, Volume 61, Issue 1, pp 99–107 | Cite as

Canonical structure of evolution equations with non-linear dispersive terms

  • B. Talukdar
  • J. Shamanna
  • S. Ghosh


The inverse problem of the variational calculus for evolution equations characterized by non-linear dispersive terms is analysed with a view to clarify why such a system does not follow from Lagrangians. Conditions are derived under which one could construct similar equations which admit a Lagrangian representation. It is shown that the system of equations thus obtained can be Hamiltonized by making use of the Dirac’s theory of constraints. The specific results presented refer to the third- and fifth-order equations of the so-called distinguished subclass.


Evolution equations non-linear dispersive terms Lagrangian systems Hamiltonian structure 


47.20.Ky 42.81.Dp 


Unable to display preview. Download preview PDF.

Unable to display preview. Download preview PDF.


  1. [1]
    F Calogero and A Degesparis,Spectral transform and solitons (North Holland Publ. Co., NY, 1982) vol. 1MATHGoogle Scholar
  2. [2]
    P Rosenau and J M Hyman,Phys. Rev. Lett. 70, 564 (1993)MATHCrossRefADSGoogle Scholar
  3. [3]
    B Dey and A Khare,J. Phys. 33, 5335 (2000)MATHCrossRefMathSciNetADSGoogle Scholar
  4. [4]
    S A Hojman and L C Shepley,J. Math. Phys. 32, 142 (1990)CrossRefADSMathSciNetGoogle Scholar
  5. [5]
    G Darboux, Ivieme partie (Gauthier-Villars Paris, 1891)Google Scholar
  6. [5]a
    G Lopez,Ann. Phys. (NY) 251, 363 (1996)MATHCrossRefADSGoogle Scholar
  7. [6]
    R M Santili,Foundations of theoretical mechanics (Springer-Verlag, NY, 1978) vol. 1Google Scholar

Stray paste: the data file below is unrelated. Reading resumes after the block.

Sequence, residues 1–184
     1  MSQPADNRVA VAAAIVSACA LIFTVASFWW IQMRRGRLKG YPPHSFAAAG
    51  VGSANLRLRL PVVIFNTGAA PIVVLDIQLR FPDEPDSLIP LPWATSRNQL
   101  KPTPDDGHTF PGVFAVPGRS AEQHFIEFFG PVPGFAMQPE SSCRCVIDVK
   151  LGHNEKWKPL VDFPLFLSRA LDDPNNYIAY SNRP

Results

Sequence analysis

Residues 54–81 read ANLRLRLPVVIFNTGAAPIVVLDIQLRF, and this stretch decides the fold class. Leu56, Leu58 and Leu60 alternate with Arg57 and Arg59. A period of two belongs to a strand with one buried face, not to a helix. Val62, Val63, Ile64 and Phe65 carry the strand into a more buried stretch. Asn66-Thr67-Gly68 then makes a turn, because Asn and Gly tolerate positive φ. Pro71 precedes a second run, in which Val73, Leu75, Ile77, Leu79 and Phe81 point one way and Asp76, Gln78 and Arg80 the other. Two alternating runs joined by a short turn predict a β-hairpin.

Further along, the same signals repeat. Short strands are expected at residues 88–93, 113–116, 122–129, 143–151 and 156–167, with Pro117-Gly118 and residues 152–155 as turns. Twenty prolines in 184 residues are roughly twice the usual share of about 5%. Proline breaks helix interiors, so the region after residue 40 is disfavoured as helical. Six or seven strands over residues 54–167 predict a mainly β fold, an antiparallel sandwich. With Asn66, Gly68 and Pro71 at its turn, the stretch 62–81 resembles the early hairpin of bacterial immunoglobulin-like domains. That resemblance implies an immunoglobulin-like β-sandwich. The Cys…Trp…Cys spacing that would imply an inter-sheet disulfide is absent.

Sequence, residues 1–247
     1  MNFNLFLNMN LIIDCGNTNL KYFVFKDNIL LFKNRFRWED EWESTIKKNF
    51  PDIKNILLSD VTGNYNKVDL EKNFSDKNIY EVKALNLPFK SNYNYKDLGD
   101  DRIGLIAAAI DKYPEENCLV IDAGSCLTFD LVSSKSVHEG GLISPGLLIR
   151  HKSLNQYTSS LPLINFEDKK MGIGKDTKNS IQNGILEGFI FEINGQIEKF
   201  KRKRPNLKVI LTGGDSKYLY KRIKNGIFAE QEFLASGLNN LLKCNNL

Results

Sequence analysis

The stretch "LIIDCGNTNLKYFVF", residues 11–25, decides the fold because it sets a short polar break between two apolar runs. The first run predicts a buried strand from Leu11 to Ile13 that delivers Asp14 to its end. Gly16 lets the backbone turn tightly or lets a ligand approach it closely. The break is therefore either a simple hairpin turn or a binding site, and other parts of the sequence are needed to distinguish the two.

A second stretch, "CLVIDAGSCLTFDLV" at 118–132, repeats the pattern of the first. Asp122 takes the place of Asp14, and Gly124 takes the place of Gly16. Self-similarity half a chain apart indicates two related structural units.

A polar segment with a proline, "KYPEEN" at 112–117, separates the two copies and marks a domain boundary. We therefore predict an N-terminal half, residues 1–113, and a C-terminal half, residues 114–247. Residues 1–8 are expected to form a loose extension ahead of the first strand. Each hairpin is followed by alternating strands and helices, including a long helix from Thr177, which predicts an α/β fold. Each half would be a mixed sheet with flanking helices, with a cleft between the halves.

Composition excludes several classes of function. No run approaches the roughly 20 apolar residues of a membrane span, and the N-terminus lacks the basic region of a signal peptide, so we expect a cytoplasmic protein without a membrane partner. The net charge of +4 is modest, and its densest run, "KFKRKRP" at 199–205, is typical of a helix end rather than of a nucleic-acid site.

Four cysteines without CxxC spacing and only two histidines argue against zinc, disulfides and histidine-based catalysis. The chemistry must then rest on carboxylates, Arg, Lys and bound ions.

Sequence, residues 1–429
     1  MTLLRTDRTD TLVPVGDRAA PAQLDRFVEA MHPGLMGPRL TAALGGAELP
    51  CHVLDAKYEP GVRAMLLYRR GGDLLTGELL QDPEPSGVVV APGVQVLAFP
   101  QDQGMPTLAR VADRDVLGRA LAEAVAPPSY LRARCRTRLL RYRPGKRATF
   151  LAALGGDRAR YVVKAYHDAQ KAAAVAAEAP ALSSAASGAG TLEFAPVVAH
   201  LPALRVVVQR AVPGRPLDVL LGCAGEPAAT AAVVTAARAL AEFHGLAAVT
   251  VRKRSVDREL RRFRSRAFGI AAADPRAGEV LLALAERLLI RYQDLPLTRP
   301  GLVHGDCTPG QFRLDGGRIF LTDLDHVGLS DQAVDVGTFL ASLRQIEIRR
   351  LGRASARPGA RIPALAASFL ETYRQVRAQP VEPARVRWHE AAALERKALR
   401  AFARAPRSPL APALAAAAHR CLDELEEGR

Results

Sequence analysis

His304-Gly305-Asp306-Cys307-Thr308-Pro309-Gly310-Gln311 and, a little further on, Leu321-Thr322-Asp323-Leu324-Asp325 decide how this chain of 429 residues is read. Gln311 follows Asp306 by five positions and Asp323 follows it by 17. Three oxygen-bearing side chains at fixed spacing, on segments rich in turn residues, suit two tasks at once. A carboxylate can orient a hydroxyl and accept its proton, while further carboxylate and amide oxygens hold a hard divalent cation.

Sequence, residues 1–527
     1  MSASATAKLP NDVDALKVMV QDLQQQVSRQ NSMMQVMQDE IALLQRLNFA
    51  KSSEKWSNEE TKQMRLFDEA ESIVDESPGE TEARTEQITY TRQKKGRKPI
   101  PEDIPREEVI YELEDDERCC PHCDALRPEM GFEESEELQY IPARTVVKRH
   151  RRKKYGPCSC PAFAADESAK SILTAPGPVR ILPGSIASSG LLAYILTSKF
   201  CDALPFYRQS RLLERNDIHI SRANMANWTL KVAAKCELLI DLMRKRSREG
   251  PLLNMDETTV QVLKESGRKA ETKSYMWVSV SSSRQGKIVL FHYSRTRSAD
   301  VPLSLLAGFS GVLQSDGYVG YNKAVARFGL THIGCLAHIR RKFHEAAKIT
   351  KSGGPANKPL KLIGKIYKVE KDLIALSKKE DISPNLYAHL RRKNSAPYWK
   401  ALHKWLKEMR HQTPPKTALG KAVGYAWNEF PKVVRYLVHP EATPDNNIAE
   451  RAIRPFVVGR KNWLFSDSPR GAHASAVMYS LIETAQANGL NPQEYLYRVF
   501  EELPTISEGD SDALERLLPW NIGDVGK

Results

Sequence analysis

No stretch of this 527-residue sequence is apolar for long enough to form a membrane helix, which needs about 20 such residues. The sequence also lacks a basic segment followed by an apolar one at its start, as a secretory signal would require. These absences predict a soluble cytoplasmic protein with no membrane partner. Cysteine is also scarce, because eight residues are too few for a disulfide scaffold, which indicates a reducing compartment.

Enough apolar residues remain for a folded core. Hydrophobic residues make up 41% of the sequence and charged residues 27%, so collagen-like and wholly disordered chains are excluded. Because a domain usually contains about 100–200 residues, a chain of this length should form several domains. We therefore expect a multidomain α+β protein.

8. [7]
    P J Olver,Applications of Lie groups to differential equations (Springer-Verlag, NY, 1993)MATHGoogle Scholar
  9. [8]
    E C G Sudarshan and N Mukunda,Classical dynamics: A modern perspective (John-Wiley and Sons Inc., NY, 1974)MATHGoogle Scholar
  10. [9]
    P J Olver,J. Math. Phys. 27, 2495 (1986)MATHCrossRefADSMathSciNetGoogle Scholar
  11. [10]
    Y Nutku,J. Phys. A29, 3257 (1996)ADSMathSciNetGoogle Scholar
  12. [11]
    R M Santili,Foundations of theoretical mechanics (Springer-Verlag, NY, 1978) vol. IIGoogle Scholar
  13. [12]
    P Rosenau,Phys. Lett. A230, 305 (1997)ADSMathSciNetGoogle Scholar
  14. [13]
    V G Karmanov,Mathematical programming (Mir Publishers, Moscow, 1989)MATHGoogle Scholar
  15. [14]
    F J deUrries and J Julve,J. Phys. A31, 6949 (1998)ADSMathSciNetGoogle Scholar
  16. [15]
    G B Whitham,Proc. R. Soc. (London) Ser. A283, 238 (1965)ADSMathSciNetCrossRefGoogle Scholar
  17. [16]
    P A M Dirac,Lectures on quantum mechanics (Belfer Graduate School Monograph Series No. 2, Yeshiva University, NY, 1964)Google Scholar
  18. [17]
    V E Zakharov and L D Faddeev,Funct. Anal. Appl. 5, 18 (1971)Google Scholar
  19. [17]a
    C S Gardner,J. Math. Phys. 12, 1548 (1971)MATHCrossRefADSGoogle Scholar
  20. [18]
    L Faddeev and R Jackiw,Phys. Rev. Lett. 60, 1692 (1988)CrossRefADSMathSciNetMATHGoogle Scholar
  21. [19]
    H Montani,Int. J. Mod. Phys. A8, 4319 (1993)ADSMathSciNetGoogle Scholar
  22. [19]a
    M M Horta-Barreira and C Wotzasek,Phys. Rev. D45 1410 (1992)ADSMathSciNetGoogle Scholar

Copyright information

© Indian Academy of Sciences 2003

Authors and Affiliations

  • B. Talukdar
    • 1
  • J. Shamanna
    • 1
  • S. Ghosh
    • 1
  1. 1.Department of PhysicsVisva-Bharati UniversitySantiniketanIndia

Personalised recommendations